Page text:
I am currently writing another novel and an autobiography. Through the books I’ve written, I wanted to inspire the readers by stories that would captivate their hearts. With every word perceived, the reader and I, somehow, we have and through those pages, met.

Any advice for a young amateur or someone who has an idea but isn’t sure it will survive the cutthroat market?

Every successful person will advise every dreamer to never give up, never give in and never let go. I may not be successful yet, but If I were to ready someone I would utter the same words as I believe that success begins with a fellow’s will.

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#NationalPoetryMonth: Milk and Honey by Rupi Kaur

Poetry is like reading one of those little notes you used to pass around in middle school. So short and sweet but if you found one laying on the ground or accidentally got passed one, it was like you got to be part of the secret, and you instantly felt like you weren’t alone in your feelings.

Milk and Honey is like that. It’s short, sweet, and oh so vital for today’s society. It says so much without saying it that by the end of the book, you feel as though you want to hug Rupi Kaur for all she writes about but also feel that if she hugged you back, it would be because you experienced similar situations which is why her words jumped off the page and danced before you a private ballet.

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The second read through of Milk and Honey showed the heartaches I was most familiar with and how Kaur’s words healed them.

When my sisters both read her book, I actually rolled my eyes because why would they fall head over heals for a book unless it was popular. Then, I retracted that eye roll when (plus I realized my sisters don’t read that much) I started reading it and Kaur’s words grabbed me by the shirt collar like a thug on the street looking to rob me but then mistakenly realized I was a long lost cousin and smoothed down my shirt and said, Coffee?

So we sat down metaphorically and sipped coffee and discussed the four different heartaches we’ve known:

  1.  The Hurting 
  2. The Loving
  3. The Breaking
  4. The Healing

As you can see from my notes, the poems in the Breaking and Healing sections spoke the most to my wallflower heart. Without further ado, here is some of my favorite poems shared with public permission from Rupi Kaur’s Facebook page:

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I want to marry this poem and divorce it all in the same moment.

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#NationalPoetryMonth: Pulling Words by Nicholas Trandahl

The thing about reading poetry is if you already are a poet, it awakens an innate desire to take the words before you, inhale them, and exhale them into poetry regurgitated but uniquely yours.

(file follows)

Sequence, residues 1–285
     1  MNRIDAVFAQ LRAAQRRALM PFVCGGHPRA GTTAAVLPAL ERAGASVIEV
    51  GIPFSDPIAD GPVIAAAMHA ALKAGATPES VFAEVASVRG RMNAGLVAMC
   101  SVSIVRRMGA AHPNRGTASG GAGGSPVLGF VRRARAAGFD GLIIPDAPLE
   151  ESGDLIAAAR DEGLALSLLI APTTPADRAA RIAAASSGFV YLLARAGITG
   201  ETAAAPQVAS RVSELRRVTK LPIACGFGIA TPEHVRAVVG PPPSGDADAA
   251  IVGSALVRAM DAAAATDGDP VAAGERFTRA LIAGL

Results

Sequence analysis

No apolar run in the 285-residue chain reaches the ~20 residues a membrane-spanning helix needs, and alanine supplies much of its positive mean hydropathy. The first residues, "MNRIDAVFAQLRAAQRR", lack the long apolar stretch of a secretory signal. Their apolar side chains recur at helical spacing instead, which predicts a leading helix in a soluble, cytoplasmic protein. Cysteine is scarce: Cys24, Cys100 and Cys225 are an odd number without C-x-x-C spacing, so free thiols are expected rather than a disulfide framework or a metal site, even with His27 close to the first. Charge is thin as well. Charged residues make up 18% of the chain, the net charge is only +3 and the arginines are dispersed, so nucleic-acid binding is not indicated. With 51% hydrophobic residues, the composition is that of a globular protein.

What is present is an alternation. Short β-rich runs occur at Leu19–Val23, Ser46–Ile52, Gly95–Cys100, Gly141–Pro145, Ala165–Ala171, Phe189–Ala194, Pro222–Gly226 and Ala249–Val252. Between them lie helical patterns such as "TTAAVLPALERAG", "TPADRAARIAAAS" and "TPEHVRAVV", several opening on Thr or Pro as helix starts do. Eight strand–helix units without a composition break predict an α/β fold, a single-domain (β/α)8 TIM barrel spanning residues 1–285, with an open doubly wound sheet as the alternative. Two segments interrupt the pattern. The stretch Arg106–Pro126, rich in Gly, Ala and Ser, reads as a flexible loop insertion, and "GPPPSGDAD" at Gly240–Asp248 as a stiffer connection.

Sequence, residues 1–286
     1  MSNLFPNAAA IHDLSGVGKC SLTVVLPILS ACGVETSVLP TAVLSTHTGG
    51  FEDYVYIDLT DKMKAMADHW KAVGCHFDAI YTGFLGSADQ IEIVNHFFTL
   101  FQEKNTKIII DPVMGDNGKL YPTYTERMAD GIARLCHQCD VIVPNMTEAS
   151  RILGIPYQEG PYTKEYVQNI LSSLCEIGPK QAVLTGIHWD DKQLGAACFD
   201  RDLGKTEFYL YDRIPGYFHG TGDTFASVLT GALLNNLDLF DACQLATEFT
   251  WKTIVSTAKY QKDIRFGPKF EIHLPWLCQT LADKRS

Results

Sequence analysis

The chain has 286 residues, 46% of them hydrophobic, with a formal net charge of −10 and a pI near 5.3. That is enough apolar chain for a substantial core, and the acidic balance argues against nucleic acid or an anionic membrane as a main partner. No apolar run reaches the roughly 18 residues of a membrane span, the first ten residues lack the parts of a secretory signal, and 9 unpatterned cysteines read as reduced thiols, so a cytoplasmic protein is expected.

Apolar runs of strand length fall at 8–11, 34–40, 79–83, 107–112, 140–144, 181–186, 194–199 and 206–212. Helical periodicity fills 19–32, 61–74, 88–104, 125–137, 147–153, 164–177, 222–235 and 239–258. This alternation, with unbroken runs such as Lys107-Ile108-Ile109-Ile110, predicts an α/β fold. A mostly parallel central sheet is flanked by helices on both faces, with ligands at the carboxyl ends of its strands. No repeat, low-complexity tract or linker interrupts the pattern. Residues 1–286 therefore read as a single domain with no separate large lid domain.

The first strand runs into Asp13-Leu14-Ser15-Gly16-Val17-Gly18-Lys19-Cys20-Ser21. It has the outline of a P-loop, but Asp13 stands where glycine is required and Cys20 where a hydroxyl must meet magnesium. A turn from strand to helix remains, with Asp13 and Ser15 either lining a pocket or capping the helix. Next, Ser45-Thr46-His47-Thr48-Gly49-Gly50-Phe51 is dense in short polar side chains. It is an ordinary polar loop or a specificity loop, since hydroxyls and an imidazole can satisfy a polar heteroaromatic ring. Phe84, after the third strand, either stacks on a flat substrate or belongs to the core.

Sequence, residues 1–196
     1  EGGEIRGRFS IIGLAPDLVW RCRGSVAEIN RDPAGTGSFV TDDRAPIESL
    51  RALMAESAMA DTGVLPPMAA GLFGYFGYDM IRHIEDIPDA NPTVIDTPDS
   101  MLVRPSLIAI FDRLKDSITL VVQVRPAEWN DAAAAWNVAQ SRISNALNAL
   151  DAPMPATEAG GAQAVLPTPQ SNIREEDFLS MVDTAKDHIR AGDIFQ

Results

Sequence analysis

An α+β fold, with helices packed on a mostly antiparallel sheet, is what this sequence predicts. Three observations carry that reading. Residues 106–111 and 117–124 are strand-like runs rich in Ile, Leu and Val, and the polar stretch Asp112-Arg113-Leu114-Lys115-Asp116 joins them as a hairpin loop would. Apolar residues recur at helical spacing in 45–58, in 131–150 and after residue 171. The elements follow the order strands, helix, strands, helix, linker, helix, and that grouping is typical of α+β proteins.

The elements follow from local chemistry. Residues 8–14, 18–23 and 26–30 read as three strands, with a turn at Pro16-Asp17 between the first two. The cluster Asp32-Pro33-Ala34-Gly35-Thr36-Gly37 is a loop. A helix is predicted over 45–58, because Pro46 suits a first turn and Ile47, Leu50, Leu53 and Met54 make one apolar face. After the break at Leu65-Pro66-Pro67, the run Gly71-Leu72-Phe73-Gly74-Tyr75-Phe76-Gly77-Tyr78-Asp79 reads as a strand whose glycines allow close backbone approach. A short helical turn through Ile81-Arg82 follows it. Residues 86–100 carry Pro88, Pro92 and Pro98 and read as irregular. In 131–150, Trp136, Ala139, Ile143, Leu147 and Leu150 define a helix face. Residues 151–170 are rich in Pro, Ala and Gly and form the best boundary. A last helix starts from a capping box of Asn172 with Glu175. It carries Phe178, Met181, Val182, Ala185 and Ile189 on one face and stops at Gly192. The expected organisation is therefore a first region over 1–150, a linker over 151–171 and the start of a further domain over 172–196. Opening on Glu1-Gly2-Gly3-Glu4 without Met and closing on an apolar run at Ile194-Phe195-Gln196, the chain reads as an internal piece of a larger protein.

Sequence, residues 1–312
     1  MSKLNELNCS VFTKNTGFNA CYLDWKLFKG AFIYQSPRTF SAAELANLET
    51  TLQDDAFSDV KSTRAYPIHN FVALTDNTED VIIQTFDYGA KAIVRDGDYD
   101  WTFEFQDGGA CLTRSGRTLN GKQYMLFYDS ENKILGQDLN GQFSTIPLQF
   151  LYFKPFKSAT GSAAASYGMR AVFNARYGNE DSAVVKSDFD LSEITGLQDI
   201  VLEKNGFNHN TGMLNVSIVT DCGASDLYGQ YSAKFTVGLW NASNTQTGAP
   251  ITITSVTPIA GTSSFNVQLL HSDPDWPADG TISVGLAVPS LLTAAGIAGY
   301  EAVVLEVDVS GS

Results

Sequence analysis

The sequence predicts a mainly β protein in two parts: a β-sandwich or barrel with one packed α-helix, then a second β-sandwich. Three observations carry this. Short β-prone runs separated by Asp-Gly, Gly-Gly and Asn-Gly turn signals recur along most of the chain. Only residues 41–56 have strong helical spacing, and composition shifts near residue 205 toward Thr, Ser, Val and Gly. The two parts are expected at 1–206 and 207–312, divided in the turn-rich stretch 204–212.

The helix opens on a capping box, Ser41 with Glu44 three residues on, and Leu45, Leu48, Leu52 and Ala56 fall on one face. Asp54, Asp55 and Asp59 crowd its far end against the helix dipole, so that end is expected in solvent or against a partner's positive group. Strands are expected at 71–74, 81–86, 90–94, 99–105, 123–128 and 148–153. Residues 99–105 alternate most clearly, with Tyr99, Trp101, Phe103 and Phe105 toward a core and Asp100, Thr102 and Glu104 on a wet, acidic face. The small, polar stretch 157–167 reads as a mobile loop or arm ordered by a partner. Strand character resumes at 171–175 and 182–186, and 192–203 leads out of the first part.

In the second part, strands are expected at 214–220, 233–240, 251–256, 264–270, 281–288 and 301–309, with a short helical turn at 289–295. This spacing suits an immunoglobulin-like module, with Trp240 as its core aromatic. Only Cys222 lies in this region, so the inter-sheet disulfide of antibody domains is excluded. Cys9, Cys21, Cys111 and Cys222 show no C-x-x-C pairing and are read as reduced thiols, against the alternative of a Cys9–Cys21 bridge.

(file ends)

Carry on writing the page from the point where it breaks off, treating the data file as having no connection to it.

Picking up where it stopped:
According to Winter Goose’s site:

With Pulling Words, a collection that simply and honestly showcases the drama and quietude of life, poet Nicholas Trandahl displays written snapshots of the world he has explored and observed. He escorts readers from his childhood in rural Virginia to his troubled time as a deployed soldier in the Middle East, and from the empty beauty of Wyoming to the quaint charm of Martha’s Vineyard.

I’ve followed Nick’s poetic journey from the beginning and liked his use of nature to stick a lens into the bigger picture of life’s greatest mysteries and moments: love, being in love, marriage, pregnancy, and reminiscing childhood truths and young adult experiences that led to make the man.

Thankfully, I found out he was releasing a poetry collection just in time and rushed into the party even if I missed the hor d’oeuvres.  What follows is my take of the collection at large and some of my favorite quotes. Yet, as a poet myself, I know that reading poetry takes a few tries before the jigsaw pieces complete the puzzle :

Trandahl takes the reader down memory lane with poems about his childhood, his time serving in the Middle East, and a poem that feels like a fly on the wall during a family vacation. Nature and outdoorsy imagery is heavily used due to the poet’s love and adoration for the outdoors.

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This is my first favorite quote from the book because for me, I am most reminiscent of certain people and places when the wind hits me a certain way. The scents, the sounds, they all come rushing back, like wind carrying souls as it moves between the trees.

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With this quote, you can see the symbolism that nature provides both the poet and the reader, that life and love is reflected in the processes of nature: we sprout, we bloom, we grow, we bend, we wilt, we wither.

Please congratulate Nicholas for me by liking him on Facebook and by sharing this review fervently.